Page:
Keeping it simple…
Often when autumn hits you see horses with rugs on in the field. This year in Ireland, it has been incredibly mild (we haven’t even had a hard frost yet) and some horses, rightly so are unrugged. So please read on and be realistic and ask yourself do your horses really need to be rugged at this moment in time.
Not to rug…
- If the horse/pony is obese, unclipped and lives out with shelter (even natural trees/shrubs) your animal should not require rugging unless conditions are getting below -3c. Winter can be a good time to lose a few kg’s before spring and eliminate the possibility of obesity or killer laminitis.
- Horses have a lower thermoneutral zone TNZ (horses 0 – 25 degrees vs human 20-35 degrees.) This means that horses don’t feel cold unless below 0 (some will argue its 5 degrees) and they feel warm once reaching 25degrees.
- If your horses have shelter and adlib hay/grass this will provide heat through digestibly energy and will help keep your animal warm. Therefore, no need to rug.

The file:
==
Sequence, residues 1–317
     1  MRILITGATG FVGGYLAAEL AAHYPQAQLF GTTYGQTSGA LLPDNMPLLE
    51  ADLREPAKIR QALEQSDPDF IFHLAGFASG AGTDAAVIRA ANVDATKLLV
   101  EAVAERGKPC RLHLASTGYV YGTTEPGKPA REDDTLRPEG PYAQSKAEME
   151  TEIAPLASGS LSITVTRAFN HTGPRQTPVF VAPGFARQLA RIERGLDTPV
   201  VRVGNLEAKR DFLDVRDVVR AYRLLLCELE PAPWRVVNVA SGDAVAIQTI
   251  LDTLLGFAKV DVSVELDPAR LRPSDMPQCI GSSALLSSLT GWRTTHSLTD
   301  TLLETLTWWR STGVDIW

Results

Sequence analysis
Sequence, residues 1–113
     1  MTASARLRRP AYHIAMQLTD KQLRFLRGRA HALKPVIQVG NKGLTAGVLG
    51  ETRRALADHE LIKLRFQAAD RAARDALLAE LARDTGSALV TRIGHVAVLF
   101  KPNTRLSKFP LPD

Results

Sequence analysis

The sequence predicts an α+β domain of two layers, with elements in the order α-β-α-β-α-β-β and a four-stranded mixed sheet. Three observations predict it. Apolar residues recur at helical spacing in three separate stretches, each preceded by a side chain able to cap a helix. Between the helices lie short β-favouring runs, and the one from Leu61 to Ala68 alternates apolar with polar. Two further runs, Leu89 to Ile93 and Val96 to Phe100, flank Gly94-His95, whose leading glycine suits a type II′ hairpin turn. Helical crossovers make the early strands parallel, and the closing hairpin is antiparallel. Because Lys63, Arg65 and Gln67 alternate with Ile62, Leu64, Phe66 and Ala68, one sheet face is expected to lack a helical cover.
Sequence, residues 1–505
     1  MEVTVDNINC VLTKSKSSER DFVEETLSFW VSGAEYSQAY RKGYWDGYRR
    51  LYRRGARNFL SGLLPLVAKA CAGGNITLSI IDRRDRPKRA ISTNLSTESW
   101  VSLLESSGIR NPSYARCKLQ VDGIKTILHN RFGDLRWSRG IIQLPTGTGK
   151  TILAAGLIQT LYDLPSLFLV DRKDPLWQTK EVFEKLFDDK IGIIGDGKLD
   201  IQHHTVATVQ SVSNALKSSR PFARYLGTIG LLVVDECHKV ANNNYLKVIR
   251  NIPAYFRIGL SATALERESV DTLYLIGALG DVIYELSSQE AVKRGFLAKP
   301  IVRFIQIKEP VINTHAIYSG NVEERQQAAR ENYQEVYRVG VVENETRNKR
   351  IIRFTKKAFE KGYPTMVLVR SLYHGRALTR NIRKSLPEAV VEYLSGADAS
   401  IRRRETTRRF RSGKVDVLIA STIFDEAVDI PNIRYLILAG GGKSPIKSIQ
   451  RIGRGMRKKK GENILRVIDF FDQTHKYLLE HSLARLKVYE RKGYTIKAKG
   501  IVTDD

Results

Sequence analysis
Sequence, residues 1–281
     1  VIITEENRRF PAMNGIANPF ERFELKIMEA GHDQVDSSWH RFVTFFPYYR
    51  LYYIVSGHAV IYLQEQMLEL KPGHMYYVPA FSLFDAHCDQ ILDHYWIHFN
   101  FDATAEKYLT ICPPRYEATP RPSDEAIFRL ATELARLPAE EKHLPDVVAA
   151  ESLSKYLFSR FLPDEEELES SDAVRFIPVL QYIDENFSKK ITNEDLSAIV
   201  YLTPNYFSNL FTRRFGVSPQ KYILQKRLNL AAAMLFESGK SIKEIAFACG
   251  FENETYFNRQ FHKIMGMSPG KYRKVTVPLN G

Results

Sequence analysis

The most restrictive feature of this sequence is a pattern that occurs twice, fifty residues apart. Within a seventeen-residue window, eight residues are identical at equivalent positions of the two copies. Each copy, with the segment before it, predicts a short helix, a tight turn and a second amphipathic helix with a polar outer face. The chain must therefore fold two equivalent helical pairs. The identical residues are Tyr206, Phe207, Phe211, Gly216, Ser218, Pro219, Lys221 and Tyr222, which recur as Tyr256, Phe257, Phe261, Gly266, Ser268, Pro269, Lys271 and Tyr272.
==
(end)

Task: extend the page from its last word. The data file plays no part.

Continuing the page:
- Elderly, sick or underweight horses will require rugging mainly to keep dry and act as a wind breaker. Although young stock can’t tolerate the cold as well as older/seasoned horses, it’s not always advisable to rug them for safety reasons. I ensure young stock have the best sheltered field and plenty of forage & feed which will in term help there keep warm – fuelling their internal furnace.
- Clipped horses and horses in work.
- Particular breeds. For example, thoroughbred horses could feel the cold at 0c but a native Connemara pony many not feel the cold until -4c. Therefore, although both types may be in the field together the thoroughbred may require rugging before the pony or at least have a greater fill rug.
Our next blog will be all things clipping – our favourite pastime!!!!!!
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